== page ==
Arbo Paths: Native plants for the home garden

Published 7:00 am Wednesday, March 29, 2017

By Pat Drackett, Director, The Crosby Arboretum
MSU Extension Service
During our spring plant sale last week, I thoroughly enjoyed the chance to speak with these enthusiastic gardeners who were shopping for native plants for their home landscape.
The variety of shoppers is what makes our plant sale events so much fun. Some visitors are simply curious about which easy-to-grow Mississippi native species are best to begin with, after reading about the virtues of native plants in gardening books or popular magazines. Many become attracted to the idea of natives after reading about their usefulness to our local wildlife or pollinators.
Others may visit because they are fascinated by a particular plant, such as a Grancy graybeard, mayhaws or pawpaws, native honeysuckle azaleas, or native iris. Others are repeat shoppers, and many are Arboretum members who have attended our plant sales for decades. They come with the hope of finding something new for a garden already overflowing with native plants.
No matter what their level of interest or expertise, shoppers provide us with excellent opportunities to talk about the beauty and the low maintenance qualities of local plant species.
This year, we were pleased to offer a very uncommon perennial species, called Georgia tickseed or pink coreopsis (Coreopsis nudata). It is unusual because most of our native coreopsis have yellow petals. At first glance, the thin, thread-like leaves of the Georgia tickseed give it the appearance of a grass.
The perennial is found in consistently wet soils of coastal savannas, prairies, and flatwoods pink petals. It is most abundant in Georgia, and critically imperiled in other states.
According to state botanist, Heather Sullivan, with the Mississippi Department of Wildlife, Fisheries and Parks, the plant is currently found in only two locations in Mississippi. One of those locations is in one of the Crosby Arboretum’s natural areas. The other, amazingly, is within one of our coastal interstate interchanges.
I’ve seen the pink coreopsis in our natural area growing in water, and towering more than four feet in height. Its delicate stems are topped by large bright pink blooms. Bees and other pollinators are attracted to the flowers.
One of our volunteers has told me that this plant was once much more common in Pearl River County, particularly in the wet roadside ditches near the Arboretum. As local roads have expanded, the species has unfortunately disappeared.
If you should encounter a flower you believe may be pink coreopsis, snap a photo and let us know. We’ll be happy to pass on the news to Heather, who can verify the plant and add a data point for its location on the state’s Natural Heritage Program map.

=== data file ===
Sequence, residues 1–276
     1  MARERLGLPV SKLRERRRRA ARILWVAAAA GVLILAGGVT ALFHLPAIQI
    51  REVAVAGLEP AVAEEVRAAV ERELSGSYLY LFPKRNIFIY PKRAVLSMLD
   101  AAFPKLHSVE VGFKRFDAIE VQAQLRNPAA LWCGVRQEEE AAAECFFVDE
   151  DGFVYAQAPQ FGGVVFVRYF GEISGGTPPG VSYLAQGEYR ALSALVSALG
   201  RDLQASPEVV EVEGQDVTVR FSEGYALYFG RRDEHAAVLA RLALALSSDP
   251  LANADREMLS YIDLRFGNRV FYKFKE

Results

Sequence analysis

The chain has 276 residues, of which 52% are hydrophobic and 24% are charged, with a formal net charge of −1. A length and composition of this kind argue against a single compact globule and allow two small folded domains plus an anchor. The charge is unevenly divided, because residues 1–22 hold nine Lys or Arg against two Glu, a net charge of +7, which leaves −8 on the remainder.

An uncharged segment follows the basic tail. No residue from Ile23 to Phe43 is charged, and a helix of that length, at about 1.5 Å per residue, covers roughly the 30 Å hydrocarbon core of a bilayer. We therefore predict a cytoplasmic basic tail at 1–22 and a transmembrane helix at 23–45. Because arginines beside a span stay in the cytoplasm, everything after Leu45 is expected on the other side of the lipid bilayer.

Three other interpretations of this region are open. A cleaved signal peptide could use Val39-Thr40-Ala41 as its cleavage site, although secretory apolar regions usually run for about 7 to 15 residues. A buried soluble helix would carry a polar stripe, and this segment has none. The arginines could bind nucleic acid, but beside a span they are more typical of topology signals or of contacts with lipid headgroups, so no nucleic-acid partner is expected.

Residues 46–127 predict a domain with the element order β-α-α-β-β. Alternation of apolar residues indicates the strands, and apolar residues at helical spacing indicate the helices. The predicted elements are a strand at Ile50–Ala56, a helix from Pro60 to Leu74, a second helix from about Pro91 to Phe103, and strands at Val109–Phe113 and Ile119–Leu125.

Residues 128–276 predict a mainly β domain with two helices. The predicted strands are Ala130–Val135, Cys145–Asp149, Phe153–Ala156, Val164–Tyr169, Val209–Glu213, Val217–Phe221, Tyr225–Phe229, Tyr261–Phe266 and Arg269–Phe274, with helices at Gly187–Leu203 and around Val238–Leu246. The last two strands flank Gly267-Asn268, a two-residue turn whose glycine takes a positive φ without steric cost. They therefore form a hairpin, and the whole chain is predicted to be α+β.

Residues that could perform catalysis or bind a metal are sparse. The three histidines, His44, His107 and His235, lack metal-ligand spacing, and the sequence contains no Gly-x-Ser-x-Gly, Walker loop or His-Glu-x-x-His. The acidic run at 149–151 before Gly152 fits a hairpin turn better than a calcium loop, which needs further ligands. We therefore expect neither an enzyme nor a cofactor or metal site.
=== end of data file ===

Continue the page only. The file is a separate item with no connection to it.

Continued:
Georgia tickseed needs moist soil and a good amount of sun. We’re delighted that this year, we could offer a truly unusual plant for local gardeners to try!
Yellow forms of Coreopsis can be found in area garden centers. Did you know that Coreopsis is the state wildflower of Mississippi?
Coreopsis lanceolata is a common yellow-flowered species found in the state. I’ve already seen it blooming along Mississippi roadsides. Another is Coreopsis tinctoria. You may have seen this tickseed along our roadsides, with its yellow petals and brownish-red centers. A great garden species is Coreopsis grandiflora, which has exceptionally large blooms.
More information on Mississippi’s native species can be found in Extension publications No.2334, “Native Shrubs for Mississippi Landscapes”, and No. 2330, “Native Trees for Mississippi Landscapes”, written by former Arboretum curator, Bob Brzuszek. View or download the PDF in the Publications section of the MSU Extension website, at
You’re invited to our Strawberries and Cream Festival on Sunday, April 2, from 1:00 to 3:00 p.m. Bring the family, and stroll the Arboretum grounds, and celebrate the site’s historical former use as a strawberry farm. The event will be held on the Pinecote Pavilion, and ice cream, fresh strawberries, and Picayune Frog Lemonade will be served. Admission is free!
See our program schedule for two spring field walks on Saturday, April 8, to learn about ferns, flowers, and carnivorous species in our exhibits. Pitcher plants (“buttercups”) are blooming now in the bog. Come visit! For more information, please call 601-799-2311 or see We’re located in Picayune, I-59 Exit 4, at 370 Ridge Road (south of Walmart and adjacent to I-59).

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